Stanford Energy Student Lectures: Renwen Yu and Briley Bourgeois
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Title: Time-modulated near-field radiative heat transfer
Abstract: We explore near-field radiative heat transfer between two bodies under time modulation by developing a rigorous fluctuational electrodynamics formalism. We demonstrate that time modulation can results in the enhancement, suppression, elimination, or reversal of radiative heat flow between the two bodies, and can be used to create a radiative thermal diode with infinite contrast ratio, as well as a near-field radiative heat engine that pumps heat from the cold to the hot bodies. The formalism reveals a fundamental symmetry relation in the radiative heat transfer coefficients that underlies these effects. Our study indicates the significant capabilities of time modulation for managing nanoscale heat flow.
Bio: Renwen is a postdoctoral scholar in Professor Shanhui Fan’s group at Stanford. He does research in theoretical aspects of nanoscale thermal energy harvesting.
Title: Understanding photoreactions across multiple length scales – in situ ETEM and reactor-scale studies of plasmonic photochemistry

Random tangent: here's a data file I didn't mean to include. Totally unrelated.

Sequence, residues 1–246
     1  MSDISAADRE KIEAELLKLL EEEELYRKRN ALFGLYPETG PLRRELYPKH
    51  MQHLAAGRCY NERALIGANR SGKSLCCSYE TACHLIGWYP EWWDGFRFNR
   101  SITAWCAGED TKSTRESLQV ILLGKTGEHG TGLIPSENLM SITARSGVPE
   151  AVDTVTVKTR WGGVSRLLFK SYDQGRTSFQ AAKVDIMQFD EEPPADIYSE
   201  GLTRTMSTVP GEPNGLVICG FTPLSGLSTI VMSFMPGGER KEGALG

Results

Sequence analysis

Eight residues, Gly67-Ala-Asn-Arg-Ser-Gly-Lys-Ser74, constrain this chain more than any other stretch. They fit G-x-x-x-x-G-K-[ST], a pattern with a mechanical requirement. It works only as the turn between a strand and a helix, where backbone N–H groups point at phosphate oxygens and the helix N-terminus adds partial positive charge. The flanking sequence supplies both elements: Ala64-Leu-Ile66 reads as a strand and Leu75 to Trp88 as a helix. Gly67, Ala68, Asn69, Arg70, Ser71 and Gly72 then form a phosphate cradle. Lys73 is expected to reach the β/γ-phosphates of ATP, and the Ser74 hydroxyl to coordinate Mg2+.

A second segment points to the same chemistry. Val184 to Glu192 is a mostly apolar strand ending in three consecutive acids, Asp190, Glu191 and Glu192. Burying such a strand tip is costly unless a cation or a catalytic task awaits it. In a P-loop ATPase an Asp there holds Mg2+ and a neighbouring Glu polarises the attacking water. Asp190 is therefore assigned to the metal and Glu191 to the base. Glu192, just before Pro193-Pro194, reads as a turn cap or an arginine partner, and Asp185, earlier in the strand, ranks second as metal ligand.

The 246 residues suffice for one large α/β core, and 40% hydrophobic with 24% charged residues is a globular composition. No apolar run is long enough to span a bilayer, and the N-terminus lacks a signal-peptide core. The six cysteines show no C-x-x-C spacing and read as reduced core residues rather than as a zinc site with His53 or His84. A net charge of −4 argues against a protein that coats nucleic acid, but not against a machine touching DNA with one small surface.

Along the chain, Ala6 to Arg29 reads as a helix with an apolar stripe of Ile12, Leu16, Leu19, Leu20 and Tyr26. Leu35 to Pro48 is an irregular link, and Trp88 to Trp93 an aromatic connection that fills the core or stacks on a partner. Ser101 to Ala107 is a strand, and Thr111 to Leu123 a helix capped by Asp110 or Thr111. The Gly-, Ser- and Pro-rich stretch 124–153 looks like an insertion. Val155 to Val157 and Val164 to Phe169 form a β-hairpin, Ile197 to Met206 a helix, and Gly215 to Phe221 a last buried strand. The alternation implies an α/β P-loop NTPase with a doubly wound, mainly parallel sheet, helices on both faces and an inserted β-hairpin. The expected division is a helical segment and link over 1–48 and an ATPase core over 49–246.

Abstract: Nanoscale metal structures can very strongly interact with light through a phenomenon called a plasmon resonance. These resonances collectively excite charge carriers in the structure which in turn can drive chemical reactions in unique ways. The behavior of these plasmonic photocatalysts is dictated by the nanoscale structure of the particles. As their size and shape changes, different atomic structures are exposed and the nature in which light is channeled by the particle is altered. These features, while much smaller than can be resolved by a traditional microscope, have a huge impact on the performance of plasmonic photocatalyst. In this work, we utilize in-situ transmission electron microscopy to control and study photochemistry with near-atomic resolution. We show that light can be used to control the presence of hydrogen within plasmonic catalysts and govern the most reactive sites on the catalyst’s surface. We further utilize bench-scale chemistry techniques to demonstrate improved chemical selectivity for hydrogenation chemistries for reactions driven by light instead of heat. With the ability to understand and build photocatalysts from fundamental length scales, better materials can be designed to drive important chemistries using sustainable energy source.